- You cannot change resolutions in the field other then through the 1/2 switch. This means you have to do some thinking in advance and put in different settings so if the weather changes you can compensate accordingly by using the switch.
- The Contour HD 1080’s video quality suffered mightily when it was dark. Video quality still isn’t great when going from light to dark and vice-versa but what can you really expect from such a small form-factor wearable video camera. However, the exposure controls are now much improved; the software controls actually do something when you make exposure changes
Handful of Sample Videos
Blackcomb Trees March 16, 2011
(Filmed with a Contour GPS. Rendered 720p @ 5000kbps; Settings 720HD. Contrast 60; Sharpness 4; Exposure +3 )
Blackcomb Glacier March 17, 2011 (non-family-friendly edit)
(Forward looking – Rendered 960p @ 5000kbps Settings 960HD. Contrast 60; Sharpness 4; Exposure +2; Backwards looking – Settings 960HD. Contrast 60; Sharpness 4; Exposure +2)
Blackcomb (Patrollers Trees) March 16, 2011
(Filmed with a Contour GPS. Rendered 720HD 5000 kbps. Forward looking – Contrast 60; Sharpness 4; Exposure +3; Backwards looking – Settings 960HD. Contrast 60; Sharpness 4; Exposure +4)
Blackcomb (Crystal Zone) – March 16, 2011
(Filmed with a Contour GPS. Rendered 720p @ 5000kbps Forward looking – Contrast 60; Sharpness 4; Exposure +3; Backwards looking – Settings 960HD. Contrast 60; Sharpness 4; Exposure +4)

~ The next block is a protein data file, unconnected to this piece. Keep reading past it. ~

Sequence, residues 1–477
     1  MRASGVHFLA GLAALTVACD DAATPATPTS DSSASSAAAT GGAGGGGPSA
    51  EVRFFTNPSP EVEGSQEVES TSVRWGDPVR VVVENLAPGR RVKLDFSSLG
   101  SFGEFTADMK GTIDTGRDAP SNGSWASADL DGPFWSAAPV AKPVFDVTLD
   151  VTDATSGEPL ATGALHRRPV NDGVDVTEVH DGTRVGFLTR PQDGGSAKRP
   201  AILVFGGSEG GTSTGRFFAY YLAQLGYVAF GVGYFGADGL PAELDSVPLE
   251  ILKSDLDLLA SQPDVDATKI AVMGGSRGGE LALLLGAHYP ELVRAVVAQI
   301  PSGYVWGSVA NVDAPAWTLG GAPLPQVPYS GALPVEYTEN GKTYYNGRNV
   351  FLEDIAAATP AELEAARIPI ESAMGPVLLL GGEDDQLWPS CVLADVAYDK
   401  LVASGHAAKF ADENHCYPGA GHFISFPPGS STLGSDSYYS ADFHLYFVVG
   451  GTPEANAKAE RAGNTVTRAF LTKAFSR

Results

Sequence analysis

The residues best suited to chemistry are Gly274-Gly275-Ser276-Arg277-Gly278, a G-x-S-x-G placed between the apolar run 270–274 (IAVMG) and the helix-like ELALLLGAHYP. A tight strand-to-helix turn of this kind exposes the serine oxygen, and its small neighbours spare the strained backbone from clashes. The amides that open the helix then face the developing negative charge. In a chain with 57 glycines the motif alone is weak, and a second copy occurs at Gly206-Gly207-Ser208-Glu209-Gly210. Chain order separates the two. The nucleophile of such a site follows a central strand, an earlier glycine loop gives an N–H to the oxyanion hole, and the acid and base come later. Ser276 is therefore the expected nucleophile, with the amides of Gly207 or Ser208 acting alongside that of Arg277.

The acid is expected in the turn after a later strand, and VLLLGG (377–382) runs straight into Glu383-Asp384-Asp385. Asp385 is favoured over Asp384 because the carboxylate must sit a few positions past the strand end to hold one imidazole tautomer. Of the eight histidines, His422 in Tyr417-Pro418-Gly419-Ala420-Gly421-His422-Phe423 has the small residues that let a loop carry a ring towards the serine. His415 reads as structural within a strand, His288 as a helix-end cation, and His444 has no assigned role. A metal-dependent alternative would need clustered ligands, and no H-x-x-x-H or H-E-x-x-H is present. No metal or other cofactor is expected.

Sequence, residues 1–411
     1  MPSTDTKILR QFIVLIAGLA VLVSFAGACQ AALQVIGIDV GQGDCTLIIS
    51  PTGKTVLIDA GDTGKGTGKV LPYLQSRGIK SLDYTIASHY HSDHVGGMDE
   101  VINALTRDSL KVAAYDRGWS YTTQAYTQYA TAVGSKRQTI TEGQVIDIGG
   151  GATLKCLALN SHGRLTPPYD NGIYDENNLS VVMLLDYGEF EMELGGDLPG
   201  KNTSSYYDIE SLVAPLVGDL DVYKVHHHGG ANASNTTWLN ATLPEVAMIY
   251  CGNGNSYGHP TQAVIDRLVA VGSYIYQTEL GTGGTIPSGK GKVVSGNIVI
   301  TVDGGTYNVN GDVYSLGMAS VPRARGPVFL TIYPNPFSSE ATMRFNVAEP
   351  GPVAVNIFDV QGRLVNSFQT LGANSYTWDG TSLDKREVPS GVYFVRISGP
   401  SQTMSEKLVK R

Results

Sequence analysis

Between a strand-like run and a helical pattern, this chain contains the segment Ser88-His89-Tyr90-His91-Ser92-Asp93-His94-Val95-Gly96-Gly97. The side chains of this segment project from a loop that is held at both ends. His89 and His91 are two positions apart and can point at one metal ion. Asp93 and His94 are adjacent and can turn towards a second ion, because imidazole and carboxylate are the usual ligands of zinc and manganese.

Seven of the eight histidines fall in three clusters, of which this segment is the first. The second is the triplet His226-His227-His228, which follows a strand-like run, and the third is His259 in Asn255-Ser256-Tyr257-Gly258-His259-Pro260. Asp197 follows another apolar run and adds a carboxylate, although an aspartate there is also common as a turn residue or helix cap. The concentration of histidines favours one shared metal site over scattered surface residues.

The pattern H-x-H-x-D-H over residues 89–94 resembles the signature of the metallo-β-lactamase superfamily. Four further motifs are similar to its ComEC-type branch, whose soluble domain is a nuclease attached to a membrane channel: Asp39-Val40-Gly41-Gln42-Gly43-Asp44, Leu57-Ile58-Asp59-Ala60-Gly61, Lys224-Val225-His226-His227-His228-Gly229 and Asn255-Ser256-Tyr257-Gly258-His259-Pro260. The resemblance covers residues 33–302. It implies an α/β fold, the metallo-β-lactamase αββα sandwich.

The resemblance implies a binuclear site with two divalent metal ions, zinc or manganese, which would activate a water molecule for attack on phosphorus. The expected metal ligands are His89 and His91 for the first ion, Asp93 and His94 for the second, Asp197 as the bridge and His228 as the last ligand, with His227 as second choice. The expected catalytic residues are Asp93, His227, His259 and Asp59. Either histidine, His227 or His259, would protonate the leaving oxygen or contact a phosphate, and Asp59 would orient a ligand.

Bottom Line: Contour GPS Helmet Cam
To summarize, while GoPro’s flagship GoProHD hasn’t changed over the past year, Contour hasn’t been standing still. I had wondered how Contour could change the camera without incurring the substantial cost of re-tooling new molds and admit to being suitably impressed. Contour took the Contour HD1080; listened to many customer concerns and introduced small yet meaningful tweaks. These tweaks have the cumulative effect of making this a better camera.
Now I admit to not being overly impressed by the GPS feature. In my opinion, it’s marketing bumpf and a gee-whiz feature but what do I know? If I wanted a GPS, I’d use my standalone GPS. Having said that, the ContourGPS’s improvement as a camera are substantive. They improve an already pretty-decent camera. Innovation, constant refinement and consistent improvement can only make Contour’s offerings better.